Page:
Rather, he promised that Labour would work with it in a spirit of partnership to solve the country’s biggest social, political and economic challenges, as part of the party’s decade-long plan for national renewal. 

‘Society of service’ 

There was one phrase that seemed to sum it all up. Starmer repeated the phrase ‘society of service’ as he sought to knit his commentary about civil society together with his wider vision. This should resonate because it inherently references ideas like voluntarism, caring and empathy, but also personal and social responsibility. Rather than being divisive or tribal, ‘society of service’ offers common ground to work together to address the country’s problems, for a multiplicity of groups and interests across the spectrum.  

Crucially, Starmer concluded his speech by saying his message wasn’t just intended as an invitation to dialogue, it was an ‘ask’ of individuals and organisations in the creation of ‘caring, compassionate communities’. The commitment, energy and even constructive criticism from our sector in response will surely not be in short supply. But this was clearly framed against Labour’s disciplined belief that the country’s public finances are in a bad state and difficult choices will have to be made on spending should they take power.  

It’s clear the next Labour government won’t be turning the money taps on, but tensions between so many competing priorities are already evident. Indeed, these types of questions from the audience seemed to provoke the most unease from the politicians present and probably evoked the most scepticism from the audience in turn. Those debates will have their day: the key takeaway from this event was that the door is open for dialogue in a way it hasn’t been for years, and we must take advantage of the opportunity.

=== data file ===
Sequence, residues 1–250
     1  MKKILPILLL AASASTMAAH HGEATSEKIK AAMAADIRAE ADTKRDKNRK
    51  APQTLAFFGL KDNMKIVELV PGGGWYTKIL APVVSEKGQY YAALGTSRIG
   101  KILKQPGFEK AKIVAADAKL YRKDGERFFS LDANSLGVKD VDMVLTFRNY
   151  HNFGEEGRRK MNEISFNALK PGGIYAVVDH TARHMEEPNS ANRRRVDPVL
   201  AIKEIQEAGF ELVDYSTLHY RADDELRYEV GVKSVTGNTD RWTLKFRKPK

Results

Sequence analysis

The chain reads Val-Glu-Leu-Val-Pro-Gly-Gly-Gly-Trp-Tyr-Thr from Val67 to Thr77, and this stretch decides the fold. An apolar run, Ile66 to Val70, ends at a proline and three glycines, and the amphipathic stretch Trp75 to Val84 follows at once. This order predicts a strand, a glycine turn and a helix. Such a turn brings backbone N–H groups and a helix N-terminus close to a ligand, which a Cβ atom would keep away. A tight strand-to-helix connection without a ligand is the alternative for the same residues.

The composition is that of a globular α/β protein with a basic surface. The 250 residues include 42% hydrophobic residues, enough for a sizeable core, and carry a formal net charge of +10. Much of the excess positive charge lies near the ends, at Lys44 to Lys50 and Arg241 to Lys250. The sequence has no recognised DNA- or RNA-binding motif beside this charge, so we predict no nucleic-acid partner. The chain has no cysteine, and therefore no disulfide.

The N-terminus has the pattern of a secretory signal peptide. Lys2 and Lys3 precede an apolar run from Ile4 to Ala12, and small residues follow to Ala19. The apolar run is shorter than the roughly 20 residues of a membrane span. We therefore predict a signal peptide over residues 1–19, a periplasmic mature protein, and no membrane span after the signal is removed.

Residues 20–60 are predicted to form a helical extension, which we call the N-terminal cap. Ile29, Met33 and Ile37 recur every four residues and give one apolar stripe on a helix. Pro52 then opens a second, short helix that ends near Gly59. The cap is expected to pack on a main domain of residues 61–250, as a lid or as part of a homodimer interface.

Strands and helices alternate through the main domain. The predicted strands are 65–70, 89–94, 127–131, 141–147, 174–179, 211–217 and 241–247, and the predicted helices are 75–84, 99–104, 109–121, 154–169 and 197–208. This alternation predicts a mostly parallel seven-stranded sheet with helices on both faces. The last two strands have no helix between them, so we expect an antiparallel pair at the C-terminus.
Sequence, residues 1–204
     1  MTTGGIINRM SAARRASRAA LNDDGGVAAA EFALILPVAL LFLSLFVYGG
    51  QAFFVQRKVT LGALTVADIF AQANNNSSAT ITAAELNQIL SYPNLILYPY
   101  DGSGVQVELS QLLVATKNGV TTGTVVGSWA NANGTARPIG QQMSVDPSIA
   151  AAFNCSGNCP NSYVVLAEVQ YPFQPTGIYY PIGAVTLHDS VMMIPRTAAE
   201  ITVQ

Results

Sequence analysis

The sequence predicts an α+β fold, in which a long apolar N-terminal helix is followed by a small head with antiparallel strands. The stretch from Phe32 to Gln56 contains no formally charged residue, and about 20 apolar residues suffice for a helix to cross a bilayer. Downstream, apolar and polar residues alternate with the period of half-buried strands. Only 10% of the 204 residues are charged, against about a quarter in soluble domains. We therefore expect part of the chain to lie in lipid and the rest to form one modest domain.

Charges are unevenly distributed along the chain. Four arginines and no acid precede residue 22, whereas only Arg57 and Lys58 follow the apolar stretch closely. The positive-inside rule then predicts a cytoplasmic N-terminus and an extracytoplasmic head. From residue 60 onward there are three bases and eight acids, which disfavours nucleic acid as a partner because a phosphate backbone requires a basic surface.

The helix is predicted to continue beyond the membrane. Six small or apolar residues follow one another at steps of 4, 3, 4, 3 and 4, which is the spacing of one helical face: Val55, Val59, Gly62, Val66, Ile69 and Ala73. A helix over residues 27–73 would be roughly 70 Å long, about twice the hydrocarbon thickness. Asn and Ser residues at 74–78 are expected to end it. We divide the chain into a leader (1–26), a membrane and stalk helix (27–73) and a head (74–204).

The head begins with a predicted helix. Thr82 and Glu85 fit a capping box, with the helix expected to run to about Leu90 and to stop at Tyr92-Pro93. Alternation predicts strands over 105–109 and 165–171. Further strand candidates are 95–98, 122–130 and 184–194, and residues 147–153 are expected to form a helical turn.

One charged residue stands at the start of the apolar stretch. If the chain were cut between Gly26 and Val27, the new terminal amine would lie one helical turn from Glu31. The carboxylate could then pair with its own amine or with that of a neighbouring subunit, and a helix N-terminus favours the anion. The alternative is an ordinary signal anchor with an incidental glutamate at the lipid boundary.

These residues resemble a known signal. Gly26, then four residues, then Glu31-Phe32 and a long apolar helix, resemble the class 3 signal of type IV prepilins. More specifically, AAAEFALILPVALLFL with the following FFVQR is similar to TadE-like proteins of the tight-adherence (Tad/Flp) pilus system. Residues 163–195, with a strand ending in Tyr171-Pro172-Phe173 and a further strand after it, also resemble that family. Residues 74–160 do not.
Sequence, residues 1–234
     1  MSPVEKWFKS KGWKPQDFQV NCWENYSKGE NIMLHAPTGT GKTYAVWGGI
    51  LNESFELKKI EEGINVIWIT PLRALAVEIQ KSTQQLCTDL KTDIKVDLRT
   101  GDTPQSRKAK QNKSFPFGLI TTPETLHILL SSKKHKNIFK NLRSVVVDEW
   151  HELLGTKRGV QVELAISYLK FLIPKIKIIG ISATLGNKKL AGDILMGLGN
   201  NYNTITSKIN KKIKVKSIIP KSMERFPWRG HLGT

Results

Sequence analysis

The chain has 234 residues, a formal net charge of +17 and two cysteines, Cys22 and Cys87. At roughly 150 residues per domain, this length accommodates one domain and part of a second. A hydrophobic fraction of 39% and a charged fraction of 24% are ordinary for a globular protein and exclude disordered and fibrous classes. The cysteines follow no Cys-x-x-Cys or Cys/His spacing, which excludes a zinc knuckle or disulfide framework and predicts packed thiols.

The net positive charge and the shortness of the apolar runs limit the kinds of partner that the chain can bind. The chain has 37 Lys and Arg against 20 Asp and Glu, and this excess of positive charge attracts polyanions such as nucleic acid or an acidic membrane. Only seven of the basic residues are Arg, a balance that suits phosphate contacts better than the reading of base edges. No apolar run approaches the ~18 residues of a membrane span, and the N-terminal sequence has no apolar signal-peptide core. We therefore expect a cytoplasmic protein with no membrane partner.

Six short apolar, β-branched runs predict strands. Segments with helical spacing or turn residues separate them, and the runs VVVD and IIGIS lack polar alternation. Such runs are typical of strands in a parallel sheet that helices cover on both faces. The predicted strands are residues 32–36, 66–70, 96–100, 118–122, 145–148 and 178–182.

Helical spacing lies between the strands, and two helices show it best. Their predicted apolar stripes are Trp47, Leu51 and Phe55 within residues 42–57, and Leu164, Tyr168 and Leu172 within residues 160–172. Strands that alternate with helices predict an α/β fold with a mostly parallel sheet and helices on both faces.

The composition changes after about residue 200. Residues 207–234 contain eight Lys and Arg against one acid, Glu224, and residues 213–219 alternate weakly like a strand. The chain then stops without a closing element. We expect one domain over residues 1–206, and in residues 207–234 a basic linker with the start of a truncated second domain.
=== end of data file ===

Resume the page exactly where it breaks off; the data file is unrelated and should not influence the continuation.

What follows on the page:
Civil Society action plan 

The Labour shadow minister for civil society, Lilian Greenwood MP, rounded off the event with the message: ‘Thank you, we need you, we’re with you’. New to the role, she is clearly in post to engage and listen to the sector and is actively reaching out and meeting different constituencies as part of developing a ‘civil society action plan’. This will be a big policy focus for the coming months, so watch this space. 

In terms of a positive message on civil society, Labour has clearly set the pace and we’ll see whether and how the other political parties respond as the election approaches. It’s important that charities seek to influence across the political spectrum on behalf of their beneficiaries and not treat the future as predetermined. Also, we must remember that national politics is only one part of the challenge this year. Local elections in May will matter hugely too. 

Whatever happens politically this year, it’s vital that the next government vastly improves its engagement with civil society to tackle the country’s problems, and works with charities, social enterprises and voluntary groups to unleash their full potential. We need to turn warm words into action.